In a series of lab studies, we also found that people holding malleable cultural beliefs are more able to build a trusting relationship with their foreign partners. This trust led to more cooperative behavior and better outcomes in negotiations. In short, our mindsets create a self-fulfilling cycle in which we live. Mindset matters. We do not only see what we believe, but we also become what we believe.
What can be done then?
Individuals are often selected for international exchanges, foreign assignments, or multicultural teamwork based on their technical competence. For some, they can leverage these opportunities to establish trusting relationships, expend their networks, and broaden their knowledge base. For others, such experiences can turn out to be aversive.
Arguably, there could be a self-selection process in which people with a malleable cultural mindset feel more comfortable with intercultural exchanges and, therefore, are more likely to take up the challenge and flourish. In contrast, people with a fixed cultural mindset tend to shy away from intercultural encounters in the first place; however, some might be motivated to take up these international opportunities because of their perceived instrumental value. In the increasingly diverse workplace, individuals should be mindful of the impact of their cultural mindset in shaping the development of their multicultural competence. Managers and educators should also consider ways to provide support and training.
Traditional cross-cultural training programs focus on enhancing multicultural competence by providing culture-specific knowledge. They often highlight differences in cultural practices and values, but an emphasis on differences may inadvertently reinforce a fixed cultural mindset. So, it is important for cross-cultural training program to go beyond emphasizing cultural differences. It would likely be more effective in promoting positive intercultural exchanges if it fosters an awareness of how cultural mindset can lead into a self-fulfilling cycle of competence, or incompetence.
What is “Multicultural Competence”?
– Intrinsic interest to acquire cultural knowledge
– Knowledge about other cultures
– Awareness of different cultural values and beliefs, and their potential biases
– Skill to respond in a culturally appropriate manner
Via Human Resources Director : Does technology help or hinder workplace relationships?
It goes without saying that technology has revolutionised both the way we work and the way we communicate forever – but is it really a change for the better?
Leadership and people management specialist Karen Gately said digital may have made communicating across teams a little easier, but it also has the potential to undermine workplace culture.
“I think technology is one of the biggest obstacles to building healthy relationships,” Gately told HRD.
“People become keyboard warriors and we just sit at our desks and have arguments and try and resolve problems through technology.”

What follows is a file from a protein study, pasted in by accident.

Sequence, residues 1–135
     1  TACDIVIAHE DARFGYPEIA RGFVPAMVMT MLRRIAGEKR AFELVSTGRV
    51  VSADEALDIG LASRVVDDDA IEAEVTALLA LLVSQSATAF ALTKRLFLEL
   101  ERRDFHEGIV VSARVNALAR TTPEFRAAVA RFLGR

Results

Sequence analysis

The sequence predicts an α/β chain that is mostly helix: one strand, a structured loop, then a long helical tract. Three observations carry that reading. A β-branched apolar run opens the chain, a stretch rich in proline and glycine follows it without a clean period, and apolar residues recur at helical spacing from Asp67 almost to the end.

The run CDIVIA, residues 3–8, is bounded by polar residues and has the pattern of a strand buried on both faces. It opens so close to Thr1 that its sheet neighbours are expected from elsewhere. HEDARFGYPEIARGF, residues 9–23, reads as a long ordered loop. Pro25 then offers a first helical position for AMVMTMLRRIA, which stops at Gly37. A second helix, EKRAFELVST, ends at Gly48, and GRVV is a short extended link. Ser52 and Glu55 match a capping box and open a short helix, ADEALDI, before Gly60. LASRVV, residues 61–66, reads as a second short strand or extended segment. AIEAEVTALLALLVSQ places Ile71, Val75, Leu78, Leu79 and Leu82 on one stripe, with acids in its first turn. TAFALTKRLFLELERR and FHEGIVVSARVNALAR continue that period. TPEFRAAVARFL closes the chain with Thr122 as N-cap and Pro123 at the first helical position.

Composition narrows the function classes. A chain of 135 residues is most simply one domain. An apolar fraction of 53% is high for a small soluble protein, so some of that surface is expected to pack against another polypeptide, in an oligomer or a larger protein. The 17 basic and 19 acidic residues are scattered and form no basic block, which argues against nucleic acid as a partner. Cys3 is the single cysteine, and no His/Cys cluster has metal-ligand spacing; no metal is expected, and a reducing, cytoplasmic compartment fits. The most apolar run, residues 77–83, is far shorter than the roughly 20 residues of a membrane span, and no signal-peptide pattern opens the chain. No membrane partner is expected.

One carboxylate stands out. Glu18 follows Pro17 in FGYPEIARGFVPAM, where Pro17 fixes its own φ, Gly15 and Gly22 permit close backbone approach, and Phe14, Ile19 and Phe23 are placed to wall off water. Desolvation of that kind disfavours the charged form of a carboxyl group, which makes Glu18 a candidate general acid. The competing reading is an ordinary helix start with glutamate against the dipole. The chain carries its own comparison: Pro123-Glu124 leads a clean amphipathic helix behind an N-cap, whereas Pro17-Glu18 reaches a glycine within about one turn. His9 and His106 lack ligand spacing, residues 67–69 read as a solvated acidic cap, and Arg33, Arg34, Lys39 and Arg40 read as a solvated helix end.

Gately said technology gives many employees a sense of detachment which means they’re often less rational when communicating online.
“People will often say things that they otherwise wouldn’t and they’ll say things in ways that they might not choose to say them if they were actually sitting in front of the person having the interaction,” she said.
“The other reality with our digital world is that everything moves really quickly and we can fail to stop and really appreciate certain moments or to bring people together to have a meaningful connection – whether it be through celebrating successes or learning as a team. If we try to do things by digital means too much, we miss the opportunity to foster those relationships and learn from our experiences.”
Of course, Gately doesn’t for a moment suggest abandoning digital communication – it’s integral to the success of many teams, particularly those which are geographically dispersed. But she does say HR can take measures to stop it sabotaging company culture.
“Communication is fundamental to an organisation’s ability to thrive and the quality of communication is fundamental so we need to enable organisations to be more effective in the way they communicate,” said Gately.
“A big part of that is the face-to-face interaction and it’s the relationship-building so HR needs to play a role in helping organisations to get better at the way they not only share information but the way they explore ideas, the way the make decisions and the way they build relationships.
Gately added that leaders need to think beyond just communication in terms of the staff newsletter or updates around appointments or new client wins – instead they need to think about communication as a core capability that links the potential of the business to performance.